Roman Catholic Archbishop of Milwaukee Jerome Listecki has criticized a portrait of Pope Emeritus Benedict XVI made out of 17,000 colored condoms and displayed at the Milwaukee Art Museum as an "attack on faith." The museum is arguing that the portrait, called "Eggs Benedict," is only meant to spark a discussion about the pontiff's opposition to condoms as a method to battle AIDS.
"What's at play here is either an intentional attack on a faith tradition and its teachings or a publicity stunt for the artist," said Jerry Topczewski, chief of staff for Listecki, according to the Milwaukee Wisconsin Journal Sentinel. "And we would be opposed to any faith tradition or religious leader being attacked in such a way."
The museum reportedly noted that it has received over 200 complaints about the portrait, and said that a handful of patrons have dropped their membership as a result of the controversy. It insisted, however, that the point of the art piece is to get people to think about Benedict's opposition to condoms as a method of birth control, which is a position upheld by the Vatican.
"This was never intended to be derisive, mocking or disrespectful of the pope," said museum board of trustees president Don Layden. "It was to have a conversation about AIDS and AIDS education. And my hope is when the piece appears in the museum that will be the focus of the discussion."
Museum Director Dan Keegan told Reuters, however, that the calls in support of the display have outnumbered protests.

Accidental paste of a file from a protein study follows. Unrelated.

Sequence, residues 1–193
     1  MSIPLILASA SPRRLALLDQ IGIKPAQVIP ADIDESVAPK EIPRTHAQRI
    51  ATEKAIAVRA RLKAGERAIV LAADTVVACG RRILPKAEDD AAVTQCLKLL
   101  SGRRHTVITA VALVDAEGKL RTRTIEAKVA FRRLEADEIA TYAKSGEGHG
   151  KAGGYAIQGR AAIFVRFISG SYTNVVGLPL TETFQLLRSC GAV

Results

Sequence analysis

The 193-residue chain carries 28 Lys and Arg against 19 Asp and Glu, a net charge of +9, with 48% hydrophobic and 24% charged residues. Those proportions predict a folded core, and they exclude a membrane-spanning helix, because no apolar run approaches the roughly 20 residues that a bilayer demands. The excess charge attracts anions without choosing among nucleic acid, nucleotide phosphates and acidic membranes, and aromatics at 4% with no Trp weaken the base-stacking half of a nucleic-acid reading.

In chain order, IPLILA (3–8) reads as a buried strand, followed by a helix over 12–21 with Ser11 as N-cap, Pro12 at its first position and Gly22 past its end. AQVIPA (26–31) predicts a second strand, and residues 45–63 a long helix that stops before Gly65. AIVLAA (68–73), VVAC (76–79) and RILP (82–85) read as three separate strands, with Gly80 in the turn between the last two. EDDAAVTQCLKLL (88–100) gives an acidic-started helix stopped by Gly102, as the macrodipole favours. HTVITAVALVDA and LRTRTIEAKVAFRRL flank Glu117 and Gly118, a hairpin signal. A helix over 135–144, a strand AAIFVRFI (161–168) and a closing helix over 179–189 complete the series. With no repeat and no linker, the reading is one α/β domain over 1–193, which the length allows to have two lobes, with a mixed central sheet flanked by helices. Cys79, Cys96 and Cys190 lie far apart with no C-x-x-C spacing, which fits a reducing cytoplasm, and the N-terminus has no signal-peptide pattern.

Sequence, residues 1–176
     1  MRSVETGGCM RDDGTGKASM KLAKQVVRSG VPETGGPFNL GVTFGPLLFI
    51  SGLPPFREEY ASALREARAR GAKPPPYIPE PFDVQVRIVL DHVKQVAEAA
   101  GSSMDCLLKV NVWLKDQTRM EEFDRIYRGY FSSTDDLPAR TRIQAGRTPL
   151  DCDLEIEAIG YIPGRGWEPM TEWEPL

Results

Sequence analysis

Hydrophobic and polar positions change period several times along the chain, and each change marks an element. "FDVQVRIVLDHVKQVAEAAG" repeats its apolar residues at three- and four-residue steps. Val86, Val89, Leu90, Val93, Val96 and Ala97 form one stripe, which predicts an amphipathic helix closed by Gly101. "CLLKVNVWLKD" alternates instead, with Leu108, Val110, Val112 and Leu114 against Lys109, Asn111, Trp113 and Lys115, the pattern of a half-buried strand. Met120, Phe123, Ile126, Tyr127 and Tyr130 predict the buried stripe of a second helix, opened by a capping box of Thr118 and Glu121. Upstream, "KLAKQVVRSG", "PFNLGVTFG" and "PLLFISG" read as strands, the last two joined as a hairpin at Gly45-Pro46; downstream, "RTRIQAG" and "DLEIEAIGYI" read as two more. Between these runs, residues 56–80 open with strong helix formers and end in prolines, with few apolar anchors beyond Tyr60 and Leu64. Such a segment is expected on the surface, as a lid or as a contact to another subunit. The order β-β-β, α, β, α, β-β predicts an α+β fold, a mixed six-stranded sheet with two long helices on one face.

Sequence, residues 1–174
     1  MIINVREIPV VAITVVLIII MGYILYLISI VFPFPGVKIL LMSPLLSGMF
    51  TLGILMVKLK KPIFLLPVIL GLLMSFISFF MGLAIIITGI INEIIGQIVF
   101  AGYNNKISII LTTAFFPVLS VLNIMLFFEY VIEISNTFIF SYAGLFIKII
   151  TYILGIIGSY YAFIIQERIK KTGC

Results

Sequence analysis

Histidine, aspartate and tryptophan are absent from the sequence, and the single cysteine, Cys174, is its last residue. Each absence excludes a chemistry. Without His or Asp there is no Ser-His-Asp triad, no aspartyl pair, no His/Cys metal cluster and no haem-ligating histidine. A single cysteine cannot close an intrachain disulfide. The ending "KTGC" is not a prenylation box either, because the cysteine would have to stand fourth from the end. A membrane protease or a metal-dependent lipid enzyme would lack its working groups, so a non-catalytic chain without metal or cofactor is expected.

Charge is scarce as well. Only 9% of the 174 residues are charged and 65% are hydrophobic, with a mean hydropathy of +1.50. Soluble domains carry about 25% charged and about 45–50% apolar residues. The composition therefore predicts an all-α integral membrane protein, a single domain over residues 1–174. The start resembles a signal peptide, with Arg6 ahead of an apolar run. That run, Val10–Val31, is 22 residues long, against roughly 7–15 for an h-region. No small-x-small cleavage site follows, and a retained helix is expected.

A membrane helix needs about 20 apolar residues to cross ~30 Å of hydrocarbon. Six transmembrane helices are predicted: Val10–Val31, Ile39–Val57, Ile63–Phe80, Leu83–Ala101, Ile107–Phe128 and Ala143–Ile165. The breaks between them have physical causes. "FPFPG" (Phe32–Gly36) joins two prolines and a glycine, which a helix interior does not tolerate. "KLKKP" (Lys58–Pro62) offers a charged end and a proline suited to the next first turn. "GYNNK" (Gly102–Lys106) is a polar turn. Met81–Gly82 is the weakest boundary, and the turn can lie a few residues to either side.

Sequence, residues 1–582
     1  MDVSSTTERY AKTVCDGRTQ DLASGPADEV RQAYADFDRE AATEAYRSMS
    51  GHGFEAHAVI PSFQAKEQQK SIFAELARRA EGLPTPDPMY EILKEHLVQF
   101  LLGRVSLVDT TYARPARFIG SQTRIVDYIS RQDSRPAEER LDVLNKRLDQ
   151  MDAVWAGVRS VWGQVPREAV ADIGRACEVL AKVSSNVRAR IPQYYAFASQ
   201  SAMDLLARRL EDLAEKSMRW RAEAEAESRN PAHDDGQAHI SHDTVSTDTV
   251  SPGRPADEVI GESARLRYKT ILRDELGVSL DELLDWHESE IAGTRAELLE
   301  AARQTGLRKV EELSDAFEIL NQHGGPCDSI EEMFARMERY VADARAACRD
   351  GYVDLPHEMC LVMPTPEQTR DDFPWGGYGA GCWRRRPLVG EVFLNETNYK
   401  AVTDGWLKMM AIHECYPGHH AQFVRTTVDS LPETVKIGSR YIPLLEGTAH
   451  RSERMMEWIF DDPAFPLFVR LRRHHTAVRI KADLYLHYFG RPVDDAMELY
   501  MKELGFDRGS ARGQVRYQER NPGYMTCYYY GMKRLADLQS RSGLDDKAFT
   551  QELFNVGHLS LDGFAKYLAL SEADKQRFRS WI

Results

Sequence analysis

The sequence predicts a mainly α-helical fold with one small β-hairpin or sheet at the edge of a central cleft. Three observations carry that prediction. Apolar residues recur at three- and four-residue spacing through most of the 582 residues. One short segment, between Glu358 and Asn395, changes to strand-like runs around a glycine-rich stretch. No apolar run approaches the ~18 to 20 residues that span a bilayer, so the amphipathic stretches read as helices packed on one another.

"We look forward to continuing the dialogue around this work and the role art plays in society," Keegan said.
The portrait was donated to the museum by local philanthropist and LGBT advocate Joseph Pabst, who had purchased it for close to $25,000.
"Why did I buy it? I did not buy it because I thought it was beautiful," Pabst explained. "I bought it because I thought it was provocative and I thought it was important. ... This piece has work to do. It has to make people think and have discussions."
Benedict, who in 2013 became the first pope in modern history to step down from his post, which is now held by Pope Francis, said in a visit to Africa in 2009 that condoms are not the right way to fight AIDS infection and mortality rates on the continent.
In later statements he softened his stance on the subject, and said that in "some cases" condoms were admissible.
In a 2009 interview Benedict shared his vision about how to tackle AIDS:
"The solution must have two elements: firstly, bringing out the human dimension of sexuality, that is to say a spiritual and human renewal that would bring with it a new way of behaving toward others. And secondly, true friendship offered above all to those who are suffering, a willingness to make sacrifices and to practise self-denial, to be alongside the suffering," the pontiff said.